Competition policy to learn from Australia

Proposed policy will include salient features of Australian policy


Sweta Ranjan | August 1, 2011

The proposed National Competition Policy (NCP) will include several salient features from Australia's competition policy, say sources involved in its drafting.

A committee working under former Competition Commission of India chairman Dhanendra Kumar is much impressed with the Australian policy, they say.

“The committee is taking almost 99 percent features from the Australian policy. Even the experience of the Australian Productivity Council suggests that it has delivered substantial benefits to the Australian community which, overall, have greatly outweighed the costs,” a source says.

The committee is also impressed with the Hilmer report on the Australian National Competition Policy which says: “A national competition policy aims to promote and maintain competitive forces to increase efficiency and community welfare, while recognising other social goals.”

Some of the features that the drafting committee is expected to learn from Australia is to bring all policies including policies of states within the purview of the competition policy. The stated objective of the Australian National Competition Policy, as it applies to the public sector, is to achieve the most efficient provision of publicly provided goods and services through reforms designed to minimise restrictions on competition and promote competitive neutrality.

Learning from Australia, the committee has also found it necessary to set up an institutional arrangement for monitoring the progress of the policy implementation. The committee is also likely to suggest setting up an autonomous Competition Policy Oversight Council to monitor the progress in the implementation of the National Competition Policy such as reviews of laws and policies, and the competition impact assessment of new laws and policies.

The drafting committee believes that there will be no overlapping of work between CCI and National Competition Policy Council as in Australia, which has two bodies: Australian Competition & Consumer Commission, the competition authority and the National Competition Policy Council, the policy advocate. There is no conflict between them.

CCI will remain as an enforcement body with powers to curb anticompetitive practices in the market place, while the National Competition Policy Council (NCPC) will be a high-level body to persuade adoption of healthy pro-competitive policies. While CCI has the power to advocate on policy, only when asked for by a government agency, but its opinion is not binding, the NCPC will have proactive powers to advocate for change on policies which result in anticompetitive outcomes.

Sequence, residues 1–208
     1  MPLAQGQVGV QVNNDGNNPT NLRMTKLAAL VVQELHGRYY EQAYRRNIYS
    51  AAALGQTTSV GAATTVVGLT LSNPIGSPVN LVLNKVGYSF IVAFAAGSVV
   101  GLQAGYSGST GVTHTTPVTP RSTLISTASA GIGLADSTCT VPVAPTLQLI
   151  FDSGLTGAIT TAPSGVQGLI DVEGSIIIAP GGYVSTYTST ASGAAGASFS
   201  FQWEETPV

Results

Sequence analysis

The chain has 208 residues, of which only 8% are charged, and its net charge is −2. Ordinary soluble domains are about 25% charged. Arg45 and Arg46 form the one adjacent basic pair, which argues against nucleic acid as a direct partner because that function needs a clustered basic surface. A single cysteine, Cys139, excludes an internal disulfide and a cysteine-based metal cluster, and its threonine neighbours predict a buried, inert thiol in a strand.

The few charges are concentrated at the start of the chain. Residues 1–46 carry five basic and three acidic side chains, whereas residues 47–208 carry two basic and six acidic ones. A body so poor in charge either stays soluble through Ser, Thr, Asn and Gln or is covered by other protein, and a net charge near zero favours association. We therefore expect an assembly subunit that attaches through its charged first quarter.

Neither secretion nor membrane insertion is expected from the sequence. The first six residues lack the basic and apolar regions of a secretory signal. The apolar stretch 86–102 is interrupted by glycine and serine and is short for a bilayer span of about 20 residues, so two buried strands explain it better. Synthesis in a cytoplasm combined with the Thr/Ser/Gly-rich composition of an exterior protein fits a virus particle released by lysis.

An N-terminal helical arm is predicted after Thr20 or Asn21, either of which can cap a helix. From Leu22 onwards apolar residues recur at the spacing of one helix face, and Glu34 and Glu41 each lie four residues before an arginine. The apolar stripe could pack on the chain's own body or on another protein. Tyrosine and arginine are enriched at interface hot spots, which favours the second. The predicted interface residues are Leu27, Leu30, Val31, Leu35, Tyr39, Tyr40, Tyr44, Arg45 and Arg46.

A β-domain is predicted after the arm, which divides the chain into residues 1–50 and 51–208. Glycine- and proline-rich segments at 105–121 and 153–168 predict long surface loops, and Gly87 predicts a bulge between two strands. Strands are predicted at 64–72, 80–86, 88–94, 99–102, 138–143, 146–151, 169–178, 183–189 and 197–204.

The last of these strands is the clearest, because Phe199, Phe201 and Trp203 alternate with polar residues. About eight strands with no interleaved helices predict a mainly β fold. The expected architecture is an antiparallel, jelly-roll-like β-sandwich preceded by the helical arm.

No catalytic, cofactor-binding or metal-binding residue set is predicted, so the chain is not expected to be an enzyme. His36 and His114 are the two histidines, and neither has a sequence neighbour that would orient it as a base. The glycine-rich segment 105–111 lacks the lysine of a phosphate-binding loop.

Incidentally, the Planning Commission had in 2007 commissioned a working group to prepare a report on the competition policy. The group, headed by Vinod Dhall, a former member of the CCI, had made its recommendations for a comprehensive policy framework based on international practices.

One of the terms of reference for the group was to recommend ways of enhancing the role of competition and competitive markets in the government’s policymaking at the central and state levels and to advise on the most effective and workable institutional mechanism for a synergised relationship between sectoral regulators and CCI.

The need for NCP was felt when government policies started giving rise to anticompetitive outcomes. The aim of the competition policy is to create a framework of policies and regulations that will conform to other policies in order to facilitate competitive outcomes in the market.

Dhanendra Kumar says, “The competition policy is intended to promote efficiency and to maximise consumer/social welfare. It also promotes creation of a business environment, which improves static and dynamic efficiencies, leads to efficient resource allocation and consumer welfare, and in which abuse of market power is prevented/curbed. It also promotes good governance by restricting rent seeking practices of economic actors.”

The committee is also mulling over to start an incentive scheme which could be instituted by the government under which financial grants may be given to states linked to the progress in aligning their policies and laws with the principles of NCP. The grants could be released based on the progress made by the various states on the recommendations received from the Competition Policy Council.



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